The More than a Score coalition has published what it calls a dossier, which highlights evidence to show that the plans for a new baseline are statistically uninformed and educationally damaging.
The report’s authors are leading academics Professor Cathy Nutbrown, from the University of Sheffield, Dr Alice Bradbury and Dr Guy Roberts-Holmes from UCL Institute of Education, Dr Pam Jarvis from Leeds Trinity University, Dr David Whitebread from the University of Cambridge, and early years expert Nancy Stewart from TACTYC.
The document Baseline assessment: why it doesn’t add up, says, ‘The Government says that a baseline test is required in order to judge the progress children have made at the end of primary school. They want to use the test data to “hold schools to account”. We say such a test will be damaging to young children. They will be pushed into a high-stakes assessment, which is at odds with young children’s learning and development.’
The campaigners say that they are not opposed to the assessment of children’s learning. ‘On the contrary, we support it,’ the report says. ‘Assessment is essential to good teaching and to helpful conversations between teachers and parents. But baseline testing is not good assessment.’
They argue that:
- baseline assessment cannot provide a valid account of learning for four-year-olds;
- it cannot therefore provide a trustworthy basis on which to measure progress;
- it will damage the early years curriculum and hold back the learning of many children;
- it will adversely affect primary education as a whole;
- its costs are not justified.
The campaigners say they plan to share their message with parents and schools.
The research was unveiled at a meeting this morning hosted by shadow early years minister Tracy Brabin MP, who said, ‘I’m pleased to be able to host so many passionate early years experts in Parliament and welcome the new research document. I believe children learn through play and creativity, not just through examinations, that’s why it’s great More than a Score is leading on this important work.’
Nancy Stewart from TACTYC, the Association for Professional Development in the Early Years, and one of the report’s co-authors, said, ‘The proposal to test 99 per cent of four-year-olds in 2020 is based on the false premise that the knowledge and skills of a four-year-old can be accurately measured. But few statisticians believe this, and no research has demonstrated a strong link between attainment measured at four and later progress.’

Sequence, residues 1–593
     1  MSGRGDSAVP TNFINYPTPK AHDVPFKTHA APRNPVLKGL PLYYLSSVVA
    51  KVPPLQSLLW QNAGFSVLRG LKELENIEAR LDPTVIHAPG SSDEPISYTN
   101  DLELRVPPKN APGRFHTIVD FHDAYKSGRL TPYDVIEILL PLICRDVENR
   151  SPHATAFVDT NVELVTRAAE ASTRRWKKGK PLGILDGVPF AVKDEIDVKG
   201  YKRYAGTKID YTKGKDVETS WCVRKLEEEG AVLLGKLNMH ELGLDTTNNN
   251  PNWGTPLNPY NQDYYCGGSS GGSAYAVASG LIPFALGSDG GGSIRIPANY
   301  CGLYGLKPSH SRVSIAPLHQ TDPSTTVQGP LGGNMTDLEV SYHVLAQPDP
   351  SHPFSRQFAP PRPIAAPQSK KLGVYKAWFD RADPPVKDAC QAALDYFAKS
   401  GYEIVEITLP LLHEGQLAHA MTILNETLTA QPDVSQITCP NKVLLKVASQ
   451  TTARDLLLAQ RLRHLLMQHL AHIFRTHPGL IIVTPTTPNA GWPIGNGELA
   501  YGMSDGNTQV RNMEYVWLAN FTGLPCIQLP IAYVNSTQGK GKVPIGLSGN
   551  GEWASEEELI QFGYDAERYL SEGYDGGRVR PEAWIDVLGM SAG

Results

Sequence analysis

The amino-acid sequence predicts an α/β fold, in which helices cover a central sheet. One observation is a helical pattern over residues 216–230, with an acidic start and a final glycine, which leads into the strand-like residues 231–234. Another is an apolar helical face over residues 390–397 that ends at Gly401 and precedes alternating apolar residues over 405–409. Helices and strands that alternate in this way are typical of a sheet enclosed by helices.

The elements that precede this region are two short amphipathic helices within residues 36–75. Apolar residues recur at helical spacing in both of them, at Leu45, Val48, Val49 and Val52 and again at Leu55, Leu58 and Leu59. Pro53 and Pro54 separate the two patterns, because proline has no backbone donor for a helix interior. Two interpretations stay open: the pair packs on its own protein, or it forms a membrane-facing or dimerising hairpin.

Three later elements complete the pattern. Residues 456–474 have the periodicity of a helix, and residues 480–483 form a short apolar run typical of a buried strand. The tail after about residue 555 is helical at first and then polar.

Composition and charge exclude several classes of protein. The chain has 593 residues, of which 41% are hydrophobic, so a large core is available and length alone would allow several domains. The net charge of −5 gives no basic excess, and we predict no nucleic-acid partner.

Elaine Bennett, early years leader at Friars Primary School in Shoeburyness and co-founder of Keeping Early Years Unique, said, ‘Baseline testing is a pointless and expensive exercise which threatens children’s mental health at a crucial time in their development; a time where they are starting school, settling into new environments and making new relationships. It is irresponsible and unethical to put children in this position and to reduce them to a number when they have been in existence for 48-60 months. The danger is that their score will see them grouped by ability from the very beginning.’
The campaign is supported by the National Education Union.
Mary Bousted, joint general secretary, said, ‘Baseline assessment has everything to do with finding new ways of holding schools accountable and nothing to do with supporting the learning of children. The Government could do far more for children’s education by lifting them out of poverty than by spending £10 million on tests in which few education experts have any confidence.’
Madeleine Holt from the parents’ organisation Rescue our Schools, said, ‘Parents are becoming far more aware that their children are being over tested. The new test would steer the teaching of four-year-olds towards an excessive focus on numeracy and literacy. Parents wanted a broad curriculum for their children, not one that is organised around narrow tests.’
The Government is expected to name the provider of the new baseline shortly, after putting a £10m contract to run it out to tender last November. When the plans were first announced last year, the Department for Education said that the baseline check, which will be developed in conjunction with the teaching profession, would ensure schools are given credit for all the work they do throughout a child’s time at primary school. The government was forced to abandon plans for a previous baseline in 2016, due to a lack of comparability between the three approved schemes.
Watch the campaign film from More than a Score below: